In yet another example of how Clean Elections levels the playing field and leads to polite philosophical debate, Aboud was aided by an independent campaign committee, Protect Tucson Women, which spent about $4,500 beating up on Downing. The committee had funding from a handful of sources, including $1,000 from Arizona List, a local political action committee dedicated to electing pro-choice Democratic women to office.
Arizona List is headed by Pam Sutherland, who told the morning daily she had no idea that Protect Tucson Women, which was headed by Bridget Riceci, would use the money to run an alleged push poll and send out a mailer busting on Downing for his vote against a spousal-rape bill.
Sutherland's denials might have been a little more credible if Protect Tucson Women hadn't used her address as their headquarters on their campaign filing.
The other big upset of the night came in Legislative District 26, which includes the Catalina Foothills, Casas Adobes and Oro Valley, where incumbent Republican Sen. Toni Hellon was knocked out by conservative challenger Al Melvin by more than 13 percentage points. In the same district, Melvin's running mate, David Jorgenson, won one of the two Republican slots, beating out Carol Somers and Lisa Lovallo. Pete Hershberger, the moderate incumbent, held onto his slot in LD 26. Jorgenson and Hershberger will be heavy favorites against Democrat Lena Saradnik in the general election.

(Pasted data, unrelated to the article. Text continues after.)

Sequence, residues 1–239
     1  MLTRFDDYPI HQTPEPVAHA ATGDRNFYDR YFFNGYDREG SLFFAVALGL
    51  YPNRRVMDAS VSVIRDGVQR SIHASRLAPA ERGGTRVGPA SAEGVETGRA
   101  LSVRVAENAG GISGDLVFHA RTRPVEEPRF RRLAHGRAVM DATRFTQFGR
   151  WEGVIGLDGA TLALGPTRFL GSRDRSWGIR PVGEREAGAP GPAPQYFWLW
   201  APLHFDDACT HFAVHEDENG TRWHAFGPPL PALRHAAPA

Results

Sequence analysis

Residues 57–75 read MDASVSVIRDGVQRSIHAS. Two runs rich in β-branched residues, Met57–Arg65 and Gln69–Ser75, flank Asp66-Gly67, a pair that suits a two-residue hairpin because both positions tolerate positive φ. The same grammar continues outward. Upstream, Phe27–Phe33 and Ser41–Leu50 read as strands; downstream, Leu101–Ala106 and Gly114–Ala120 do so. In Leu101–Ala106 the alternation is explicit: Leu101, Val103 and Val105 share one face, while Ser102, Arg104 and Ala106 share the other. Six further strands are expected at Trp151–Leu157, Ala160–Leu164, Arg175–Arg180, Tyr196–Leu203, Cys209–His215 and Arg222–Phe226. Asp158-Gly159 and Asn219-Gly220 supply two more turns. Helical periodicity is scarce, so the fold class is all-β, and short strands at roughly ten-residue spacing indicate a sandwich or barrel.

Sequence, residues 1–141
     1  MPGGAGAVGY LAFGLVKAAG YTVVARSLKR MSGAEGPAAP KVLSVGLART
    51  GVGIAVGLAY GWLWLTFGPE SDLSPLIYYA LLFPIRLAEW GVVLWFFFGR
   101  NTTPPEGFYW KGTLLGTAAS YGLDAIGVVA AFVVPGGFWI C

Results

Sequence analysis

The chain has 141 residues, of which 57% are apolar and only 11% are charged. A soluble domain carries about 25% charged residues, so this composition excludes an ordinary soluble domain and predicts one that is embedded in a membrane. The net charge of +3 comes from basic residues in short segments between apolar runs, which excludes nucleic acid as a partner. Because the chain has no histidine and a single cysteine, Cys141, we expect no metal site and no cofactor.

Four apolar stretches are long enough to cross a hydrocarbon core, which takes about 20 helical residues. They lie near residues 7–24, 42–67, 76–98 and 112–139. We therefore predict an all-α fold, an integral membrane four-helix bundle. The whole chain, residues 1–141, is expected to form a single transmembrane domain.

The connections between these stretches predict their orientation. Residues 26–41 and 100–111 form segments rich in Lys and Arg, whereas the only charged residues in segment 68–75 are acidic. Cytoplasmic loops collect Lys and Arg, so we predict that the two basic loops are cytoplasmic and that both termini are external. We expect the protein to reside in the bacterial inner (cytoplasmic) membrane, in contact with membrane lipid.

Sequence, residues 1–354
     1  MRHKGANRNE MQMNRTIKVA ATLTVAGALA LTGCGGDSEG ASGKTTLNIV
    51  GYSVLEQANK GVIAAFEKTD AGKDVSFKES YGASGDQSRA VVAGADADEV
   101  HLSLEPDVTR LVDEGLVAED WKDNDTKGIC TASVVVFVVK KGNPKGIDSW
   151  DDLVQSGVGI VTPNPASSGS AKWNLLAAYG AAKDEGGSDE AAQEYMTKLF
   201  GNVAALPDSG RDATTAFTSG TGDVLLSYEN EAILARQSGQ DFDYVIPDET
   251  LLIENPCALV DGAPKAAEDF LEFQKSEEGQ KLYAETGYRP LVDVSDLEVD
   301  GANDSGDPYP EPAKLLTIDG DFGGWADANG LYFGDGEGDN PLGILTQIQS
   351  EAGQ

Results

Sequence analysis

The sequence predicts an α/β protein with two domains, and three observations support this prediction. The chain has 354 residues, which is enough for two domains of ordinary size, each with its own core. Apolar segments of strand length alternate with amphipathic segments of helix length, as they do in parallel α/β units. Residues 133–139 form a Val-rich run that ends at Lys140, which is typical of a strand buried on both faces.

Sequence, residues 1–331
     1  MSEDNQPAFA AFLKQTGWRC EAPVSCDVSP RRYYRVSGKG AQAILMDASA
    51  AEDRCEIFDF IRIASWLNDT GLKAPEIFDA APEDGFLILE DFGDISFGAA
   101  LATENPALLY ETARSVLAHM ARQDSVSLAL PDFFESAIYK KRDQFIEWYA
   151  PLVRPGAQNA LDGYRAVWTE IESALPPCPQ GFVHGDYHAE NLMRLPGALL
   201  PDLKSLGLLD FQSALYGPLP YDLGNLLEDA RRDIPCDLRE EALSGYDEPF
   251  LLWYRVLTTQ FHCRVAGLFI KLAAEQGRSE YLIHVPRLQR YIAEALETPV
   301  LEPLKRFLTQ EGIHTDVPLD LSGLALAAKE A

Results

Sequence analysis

Check out that under vote in the LD 26 House race. Why didn't those people vote?
The under vote--or the number of people not casting both of their two House votes--in Pima County's portion of LD 26 was 8,269, which is particularly staggering when you consider that only 8,323 Pima County residents voted for Hershberger, who got the most votes in the race, according to numbers posted on the Arizona Secretary of State's Web site on Monday, Sept. 18.
Jorgenson ran a "single-shot" campaign. Although every voter in a House race can vote for two candidates, they can choose to only vote for one candidate. Withholding that second vote gives your guy a better chance of winning, because it doesn't add to the vote total of his opponents.
Jorgenson pushed the idea that voters should cast a ballot for only him in the race--and it clearly paid off.
What was with all the robo-calls?
Wasn't that a nightmare? Pima County Recorder Ann Rodriguez says she had to talk at least one voter out of canceling her registration just so she wouldn't get any more calls.
The Skinny had both Democratic and GOP early ballots at the midtown bureau, and we got hammered by phone calls, especially from the Huffman campaign.
Robo-calls are a cheap way of reaching voters. But are they effective? In Huffman's case, clearly not.
Given how much people are bitching about them, candidates may want to dial back the robo-calls--but don't expect any relief before November.